What if I Don’t Have Problems to Solve?
If you lack provided problems, there’s a few things you can do:
- Work through the problems done in the explanation, but without looking at the answer.
- Create your own problems and try to solve them.
- Try to prove concepts in the class. This is an advanced technique, but it is essential for truly grasping more complicated math.
Try this: After watching your explanation, do enough problems to feel comfortable that you understand the procedure.
Step Three: Know Why The Math Works
Having an intuitive grasp is very important for math in a way that it isn’t for other subjects. While having an intuition for vocabulary words in a foreign language can help, they still need to be memorized. However, memorizing math can be dangerous if it causes you to learn it without understanding.
The next step is to convince yourself that you know why the math works. My favorite technique for doing this is the Feynman Technique, which I demonstrate here:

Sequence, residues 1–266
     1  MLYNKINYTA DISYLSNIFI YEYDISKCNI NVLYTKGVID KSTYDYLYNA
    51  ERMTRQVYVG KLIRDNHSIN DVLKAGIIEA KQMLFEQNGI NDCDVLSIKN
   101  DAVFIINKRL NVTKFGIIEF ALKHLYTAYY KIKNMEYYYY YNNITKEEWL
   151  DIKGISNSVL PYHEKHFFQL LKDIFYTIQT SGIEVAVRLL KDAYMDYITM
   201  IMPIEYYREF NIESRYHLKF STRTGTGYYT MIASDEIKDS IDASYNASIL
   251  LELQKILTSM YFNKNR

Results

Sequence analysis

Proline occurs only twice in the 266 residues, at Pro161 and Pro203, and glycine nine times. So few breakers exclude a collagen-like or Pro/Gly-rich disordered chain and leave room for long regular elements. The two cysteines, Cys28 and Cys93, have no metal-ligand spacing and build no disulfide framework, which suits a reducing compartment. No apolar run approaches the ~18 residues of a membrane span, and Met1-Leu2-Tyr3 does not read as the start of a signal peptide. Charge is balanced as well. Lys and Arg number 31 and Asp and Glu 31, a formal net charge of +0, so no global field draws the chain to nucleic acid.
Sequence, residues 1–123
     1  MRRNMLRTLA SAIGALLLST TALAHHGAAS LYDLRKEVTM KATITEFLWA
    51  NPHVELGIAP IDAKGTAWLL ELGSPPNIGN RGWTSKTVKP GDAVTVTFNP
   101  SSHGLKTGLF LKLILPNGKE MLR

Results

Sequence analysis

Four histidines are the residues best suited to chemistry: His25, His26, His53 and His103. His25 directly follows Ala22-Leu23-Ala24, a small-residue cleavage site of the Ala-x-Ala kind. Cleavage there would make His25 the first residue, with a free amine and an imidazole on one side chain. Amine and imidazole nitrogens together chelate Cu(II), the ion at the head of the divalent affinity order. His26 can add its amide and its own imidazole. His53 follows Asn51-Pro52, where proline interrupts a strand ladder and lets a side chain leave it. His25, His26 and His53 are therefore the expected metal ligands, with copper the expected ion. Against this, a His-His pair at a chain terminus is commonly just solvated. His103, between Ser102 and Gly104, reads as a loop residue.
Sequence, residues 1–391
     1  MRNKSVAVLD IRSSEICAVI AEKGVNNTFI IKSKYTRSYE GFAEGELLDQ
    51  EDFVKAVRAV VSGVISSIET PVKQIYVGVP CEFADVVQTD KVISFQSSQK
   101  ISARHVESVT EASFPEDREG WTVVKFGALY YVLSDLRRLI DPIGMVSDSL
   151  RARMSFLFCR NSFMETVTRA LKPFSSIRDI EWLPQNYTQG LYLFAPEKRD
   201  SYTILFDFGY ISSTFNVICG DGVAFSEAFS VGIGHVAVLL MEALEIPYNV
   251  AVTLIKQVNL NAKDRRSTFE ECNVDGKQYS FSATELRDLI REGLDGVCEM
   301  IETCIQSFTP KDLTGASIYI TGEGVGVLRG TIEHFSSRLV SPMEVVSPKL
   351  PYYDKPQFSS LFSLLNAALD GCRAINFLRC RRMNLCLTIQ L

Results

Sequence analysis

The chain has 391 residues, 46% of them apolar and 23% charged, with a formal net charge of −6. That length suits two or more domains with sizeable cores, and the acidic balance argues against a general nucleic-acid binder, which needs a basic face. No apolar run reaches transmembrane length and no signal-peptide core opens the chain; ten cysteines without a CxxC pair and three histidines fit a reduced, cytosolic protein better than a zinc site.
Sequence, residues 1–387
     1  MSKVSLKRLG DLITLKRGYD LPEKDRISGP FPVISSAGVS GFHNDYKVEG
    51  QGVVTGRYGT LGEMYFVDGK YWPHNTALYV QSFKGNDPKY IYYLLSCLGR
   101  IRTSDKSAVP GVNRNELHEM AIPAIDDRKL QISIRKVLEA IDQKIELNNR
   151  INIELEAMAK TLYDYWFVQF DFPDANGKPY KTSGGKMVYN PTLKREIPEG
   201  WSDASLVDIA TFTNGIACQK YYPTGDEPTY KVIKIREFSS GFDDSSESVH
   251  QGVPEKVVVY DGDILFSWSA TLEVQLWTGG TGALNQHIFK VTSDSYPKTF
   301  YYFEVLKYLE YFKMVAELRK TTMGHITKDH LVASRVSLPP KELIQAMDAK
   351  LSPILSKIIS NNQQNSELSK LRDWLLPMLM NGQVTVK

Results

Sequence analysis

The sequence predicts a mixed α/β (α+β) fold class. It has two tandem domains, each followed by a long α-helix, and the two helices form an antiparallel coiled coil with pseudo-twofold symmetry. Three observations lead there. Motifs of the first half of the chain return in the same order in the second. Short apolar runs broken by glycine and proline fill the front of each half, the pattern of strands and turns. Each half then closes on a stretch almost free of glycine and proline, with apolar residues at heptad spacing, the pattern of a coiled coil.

The Feynman Technique takes some time, so you don’t need to apply it fully to every single facet of every math problem you face. Rather, apply it selectively on the most important concepts and those that seem confusing to you, despite sufficient practice.
Try this: Identify the core concepts in the math you’re learning, and use the Feynman Technique to convince yourself you understand them.
Step Four: Play with the Math
Practice is good, understanding is better, but playing with math is best.